“Maybe later in the spring, Ukraine would be hard-pressed to hold the Russians off,” he continued. “It's not that they won't have any [weapons], but they won't have the flow that's needed to maintain operations at a high level.”


Biden’s supplemental request would allocate about $59 billion in funds related to Ukraine. One third of that goes to humanitarian aid and direct economic support, while the majority goes to various military funding needs.


Of the $38.7 billion in military aid, roughly $30 billion is earmarked for purchasing weapons to send Ukraine or drawing down U.S. stockpiles. The remaining $8 billion would support the expanded U.S. troop presence in Europe in response to the Ukraine war, with a small portion of funds going to aid oversight.


Cancian noted that much of this funding should be understood as an investment in the U.S. economy given how much of it will be directed to American contractors. This argument, which the Biden administration has also made, has drawn criticism from opponents of increased military spending, who note that defense dollars produce fewer jobs than many other forms of government spending.

On the economic front, a sudden cutoff in U.S. funding would be less drastic than an end to military spending given that much of Ukraine’s budgetary aid comes from the European Union. Though even that funding could be blocked by Hungary, which, under right-wing Prime Minister Viktor Orban, has often frustrated its European partners. (Zelensky and Orban appeared to get into a heated argument on the sidelines of the presidential inauguration in Argentina this past weekend.)

Political reverberations

An end to U.S. aid would be a sharp rebuke of the Biden administration, which has long argued that American support for Ukraine will last as long as it takes for Kyiv to achieve its stated aim of retaking all of its territory, including Crimea.


Many believe that European states would also pull back their funding if American support ends, according to Cancian. “The logic is the same as in the U.S.,” he explained. “They have elements that are opposing, on both the left and the right, the high costs and the lack of success. If the United States stops, then many of their critics will point to this and say, ‘The United States is stopping. Why are we sending money for a failing effort?’”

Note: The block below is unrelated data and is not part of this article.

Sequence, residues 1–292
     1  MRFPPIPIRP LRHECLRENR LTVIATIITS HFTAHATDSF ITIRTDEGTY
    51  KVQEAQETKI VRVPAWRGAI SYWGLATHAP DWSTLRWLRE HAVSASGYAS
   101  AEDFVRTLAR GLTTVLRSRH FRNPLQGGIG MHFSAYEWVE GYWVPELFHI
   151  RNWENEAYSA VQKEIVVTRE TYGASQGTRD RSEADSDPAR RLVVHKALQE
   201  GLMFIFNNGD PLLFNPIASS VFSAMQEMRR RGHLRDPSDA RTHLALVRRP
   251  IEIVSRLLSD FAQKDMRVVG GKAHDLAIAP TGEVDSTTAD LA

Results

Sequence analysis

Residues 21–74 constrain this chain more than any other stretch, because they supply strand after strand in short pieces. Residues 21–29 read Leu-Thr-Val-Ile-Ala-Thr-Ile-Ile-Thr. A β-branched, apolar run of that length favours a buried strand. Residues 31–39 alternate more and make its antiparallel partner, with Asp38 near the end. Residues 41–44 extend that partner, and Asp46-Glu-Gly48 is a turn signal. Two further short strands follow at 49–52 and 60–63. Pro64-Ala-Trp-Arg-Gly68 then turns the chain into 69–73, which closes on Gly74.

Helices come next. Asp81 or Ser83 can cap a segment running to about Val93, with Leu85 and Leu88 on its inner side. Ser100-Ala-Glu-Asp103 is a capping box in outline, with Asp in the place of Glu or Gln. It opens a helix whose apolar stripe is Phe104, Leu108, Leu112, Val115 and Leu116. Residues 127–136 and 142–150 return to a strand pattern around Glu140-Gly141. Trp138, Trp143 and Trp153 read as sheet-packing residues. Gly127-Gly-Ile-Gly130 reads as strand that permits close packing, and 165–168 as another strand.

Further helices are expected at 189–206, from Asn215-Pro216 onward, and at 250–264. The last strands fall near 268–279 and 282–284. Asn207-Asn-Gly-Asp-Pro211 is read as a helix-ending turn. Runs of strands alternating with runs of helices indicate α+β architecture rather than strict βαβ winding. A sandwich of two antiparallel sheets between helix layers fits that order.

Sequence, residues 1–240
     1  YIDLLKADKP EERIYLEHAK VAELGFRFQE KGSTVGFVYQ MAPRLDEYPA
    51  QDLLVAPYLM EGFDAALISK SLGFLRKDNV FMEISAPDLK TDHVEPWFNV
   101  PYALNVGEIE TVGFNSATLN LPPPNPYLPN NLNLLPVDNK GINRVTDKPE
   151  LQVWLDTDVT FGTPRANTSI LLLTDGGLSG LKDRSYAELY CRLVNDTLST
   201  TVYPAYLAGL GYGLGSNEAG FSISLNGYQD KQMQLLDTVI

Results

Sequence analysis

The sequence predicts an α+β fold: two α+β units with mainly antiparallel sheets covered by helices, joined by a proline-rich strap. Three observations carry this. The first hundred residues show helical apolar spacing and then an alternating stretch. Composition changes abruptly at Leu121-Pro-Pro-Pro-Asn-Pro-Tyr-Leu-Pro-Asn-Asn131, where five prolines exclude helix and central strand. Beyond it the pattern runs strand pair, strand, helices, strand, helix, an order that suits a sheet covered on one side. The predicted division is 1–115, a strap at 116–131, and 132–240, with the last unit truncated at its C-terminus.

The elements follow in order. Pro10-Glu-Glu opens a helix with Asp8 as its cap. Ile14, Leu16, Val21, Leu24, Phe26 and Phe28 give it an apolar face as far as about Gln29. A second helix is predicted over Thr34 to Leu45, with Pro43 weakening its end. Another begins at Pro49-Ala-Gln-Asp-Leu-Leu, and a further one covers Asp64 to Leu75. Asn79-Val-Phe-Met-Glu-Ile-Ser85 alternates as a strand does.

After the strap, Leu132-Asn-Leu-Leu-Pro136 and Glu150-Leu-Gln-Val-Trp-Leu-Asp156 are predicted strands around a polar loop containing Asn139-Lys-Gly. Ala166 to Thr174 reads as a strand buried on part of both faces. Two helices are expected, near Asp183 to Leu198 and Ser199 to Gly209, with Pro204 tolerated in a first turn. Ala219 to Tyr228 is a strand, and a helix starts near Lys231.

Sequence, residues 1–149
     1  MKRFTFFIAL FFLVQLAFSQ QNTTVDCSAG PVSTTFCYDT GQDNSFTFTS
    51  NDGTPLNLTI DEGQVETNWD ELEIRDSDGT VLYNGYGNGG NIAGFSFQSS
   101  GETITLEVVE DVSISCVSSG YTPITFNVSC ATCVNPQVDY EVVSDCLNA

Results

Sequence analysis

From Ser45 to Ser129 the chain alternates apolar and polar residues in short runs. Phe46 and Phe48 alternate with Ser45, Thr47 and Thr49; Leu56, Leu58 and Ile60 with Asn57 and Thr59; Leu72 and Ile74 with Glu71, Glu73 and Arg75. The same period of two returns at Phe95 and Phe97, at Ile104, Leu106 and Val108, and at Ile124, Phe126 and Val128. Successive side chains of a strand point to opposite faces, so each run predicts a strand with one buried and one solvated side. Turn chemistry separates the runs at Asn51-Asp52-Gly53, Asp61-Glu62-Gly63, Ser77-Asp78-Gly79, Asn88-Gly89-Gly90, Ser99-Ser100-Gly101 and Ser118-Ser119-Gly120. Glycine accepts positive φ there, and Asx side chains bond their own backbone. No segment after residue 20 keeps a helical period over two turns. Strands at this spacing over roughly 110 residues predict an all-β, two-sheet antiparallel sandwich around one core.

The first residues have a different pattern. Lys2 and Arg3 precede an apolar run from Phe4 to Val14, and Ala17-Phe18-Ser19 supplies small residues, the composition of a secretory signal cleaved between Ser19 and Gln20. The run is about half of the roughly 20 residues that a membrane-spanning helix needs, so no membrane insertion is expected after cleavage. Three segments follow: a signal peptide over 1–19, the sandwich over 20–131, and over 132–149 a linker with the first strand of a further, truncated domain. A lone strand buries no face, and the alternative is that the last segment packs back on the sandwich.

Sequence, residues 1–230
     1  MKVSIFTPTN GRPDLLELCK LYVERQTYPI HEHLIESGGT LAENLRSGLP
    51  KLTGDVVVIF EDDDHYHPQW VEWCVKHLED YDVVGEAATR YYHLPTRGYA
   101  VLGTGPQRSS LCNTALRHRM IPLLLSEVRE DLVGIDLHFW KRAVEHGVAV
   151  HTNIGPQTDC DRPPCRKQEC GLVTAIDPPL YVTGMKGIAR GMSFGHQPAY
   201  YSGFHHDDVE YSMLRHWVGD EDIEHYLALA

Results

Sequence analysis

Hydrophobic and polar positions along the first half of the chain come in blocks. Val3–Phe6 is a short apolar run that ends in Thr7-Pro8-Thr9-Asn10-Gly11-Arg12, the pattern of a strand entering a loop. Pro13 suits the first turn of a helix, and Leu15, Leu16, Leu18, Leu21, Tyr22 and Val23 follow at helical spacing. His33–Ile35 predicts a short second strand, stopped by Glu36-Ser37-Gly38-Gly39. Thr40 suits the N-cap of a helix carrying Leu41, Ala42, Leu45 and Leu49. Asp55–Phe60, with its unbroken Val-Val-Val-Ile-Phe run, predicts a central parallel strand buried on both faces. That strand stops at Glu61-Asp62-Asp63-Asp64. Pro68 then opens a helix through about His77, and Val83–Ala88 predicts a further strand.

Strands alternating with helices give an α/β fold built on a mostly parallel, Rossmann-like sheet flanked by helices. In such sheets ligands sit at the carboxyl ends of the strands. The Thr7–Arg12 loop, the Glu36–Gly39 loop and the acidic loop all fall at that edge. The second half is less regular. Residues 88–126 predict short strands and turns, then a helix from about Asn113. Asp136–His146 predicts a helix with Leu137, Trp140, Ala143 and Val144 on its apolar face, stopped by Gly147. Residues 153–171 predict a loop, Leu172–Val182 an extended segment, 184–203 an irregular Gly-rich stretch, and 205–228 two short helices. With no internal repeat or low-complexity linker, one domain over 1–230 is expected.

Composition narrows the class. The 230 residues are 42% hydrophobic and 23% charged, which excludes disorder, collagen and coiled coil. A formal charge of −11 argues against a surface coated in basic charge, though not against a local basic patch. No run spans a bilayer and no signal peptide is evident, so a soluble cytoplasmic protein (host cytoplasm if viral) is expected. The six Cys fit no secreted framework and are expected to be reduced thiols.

As the possibility of an aid cutoff grows, some analysts have argued that it’s time for the Biden administration to shift its approach to the war and set more realistic objectives — a move that could tamp down concerns in Europe while also responding to the White House’s domestic critics, who argue that the president has no clear strategy for the war.


“[T]he White House should seek to build a new narrative: that this is a war of defence for Ukraine, and a strategic defeat for Russia, and that the US can support Ukraine while also acknowledging that there are other national security priorities that might need to take precedence,” Emma Ashford of the Stimson Center argued in The Guardian. “This narrative is less aspirational, but more pragmatic.”

“[M]ost importantly, if the Biden administration is re-elected in November, this approach would place them in a much stronger position to pursue armistice negotiations in late 2024,” Ashford wrote.

Ukrainian soldier during 2021 military parade in Kyiv, Ukraine. (Oleh Dubnya/Shutterstock)